— From Fort Henry to Corinth • Manning Ferguson Force

... in the Republic who are disposed to think that, so far as education is concerned, Nashville, the capital and largest town of Tennessee, is the paradise of the negroes. The place is famous for its schools, churches and colleges, Fisk College and some others ranking as universities. The coloured race are in the minority. The fact tends ...
— From Slave to College President - Being the Life Story of Booker T. Washington • Godfrey Holden Pike

... period to be signalized by the universal emancipation of man from the fetters of civic oppression, and the recognition in all countries of the great principles of popular sovereignty, equality and brotherhood, was at this moment visibly commencing." Mr. Stanton, of Tennessee, and others, spoke in a strain equally fervid and philanthropic. I am obliged to refer to the Union newspaper for an account of these speeches, as I did not hear them myself. I came to Washington, not to preach, nor to hear preached, ...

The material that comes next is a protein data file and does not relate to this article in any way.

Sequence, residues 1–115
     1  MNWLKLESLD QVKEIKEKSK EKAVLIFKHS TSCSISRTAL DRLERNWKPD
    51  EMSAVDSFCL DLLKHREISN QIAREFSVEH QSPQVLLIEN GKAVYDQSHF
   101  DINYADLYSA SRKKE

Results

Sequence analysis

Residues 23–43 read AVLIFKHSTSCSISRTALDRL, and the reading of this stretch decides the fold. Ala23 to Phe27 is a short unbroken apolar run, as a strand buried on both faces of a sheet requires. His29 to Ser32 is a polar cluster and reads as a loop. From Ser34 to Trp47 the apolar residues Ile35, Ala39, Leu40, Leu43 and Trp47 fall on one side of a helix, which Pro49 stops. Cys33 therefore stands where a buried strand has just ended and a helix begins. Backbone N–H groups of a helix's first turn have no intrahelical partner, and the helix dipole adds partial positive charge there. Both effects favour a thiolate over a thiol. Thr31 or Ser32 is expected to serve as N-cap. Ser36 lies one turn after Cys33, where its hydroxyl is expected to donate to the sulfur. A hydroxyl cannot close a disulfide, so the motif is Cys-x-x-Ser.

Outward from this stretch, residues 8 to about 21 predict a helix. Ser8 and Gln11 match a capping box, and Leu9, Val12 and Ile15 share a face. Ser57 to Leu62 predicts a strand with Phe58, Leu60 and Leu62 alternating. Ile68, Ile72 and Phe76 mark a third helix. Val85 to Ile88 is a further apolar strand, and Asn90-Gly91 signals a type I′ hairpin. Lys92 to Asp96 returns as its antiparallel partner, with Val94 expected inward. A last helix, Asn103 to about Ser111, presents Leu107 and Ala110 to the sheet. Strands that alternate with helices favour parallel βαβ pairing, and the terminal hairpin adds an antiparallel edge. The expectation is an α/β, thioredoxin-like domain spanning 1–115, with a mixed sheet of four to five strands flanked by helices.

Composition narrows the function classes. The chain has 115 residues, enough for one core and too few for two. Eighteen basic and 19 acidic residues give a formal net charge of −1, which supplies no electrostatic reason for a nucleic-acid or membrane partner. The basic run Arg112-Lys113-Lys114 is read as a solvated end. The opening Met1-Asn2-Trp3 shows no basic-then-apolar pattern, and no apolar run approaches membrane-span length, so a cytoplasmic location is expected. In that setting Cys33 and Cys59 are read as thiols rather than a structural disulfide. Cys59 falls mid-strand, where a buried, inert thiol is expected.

— Personal Memoir Of Daniel Drayton - For Four Years And Four Months A Prisoner (For Charity's Sake) In Washington Jail • Daniel Drayton

... special arrangements that were made to welcome Marshal Foch a few days later. Every ranger was called in from outlying posts; uniforms were pressed, boots shined, and horses groomed beyond recognition. Some of the rangers had served in France, and one tall lanky son of Tennessee had won the Croix de Guerre. To his great disgust and embarrassment, he was ordered to wear this decoration. When the special train rolled in, the rangers were lined up beside the track. The gallant old warrior stepped down from his car and walked along the line. His eye rested ...
— I Married a Ranger • Dama Margaret Smith

... a literary gold mine such as no other modern romancer had discovered. Thereupon he wrote "The Luck of Roaring Camp" (first published in The Overland Monthly, 1868), and followed it with "The Outcasts of Poker Flat" and "Tennessee's Partner." ...
— Outlines of English and American Literature • William J. Long

... of veterans from Virginia, and that part of Johnston's army which had been paroled, together with such detachments as could be got from Alabama, to reinforce Bragg, who had been driven by Rosecrans from Middle Tennessee to Northern Georgia. Turning fiercely upon his over-confident pursuer, as soon as his reinforcements were at hand, Bragg struck a staggering blow at Chickamauga, which not only came near giving Chattanooga back to him, but filled the northern states ...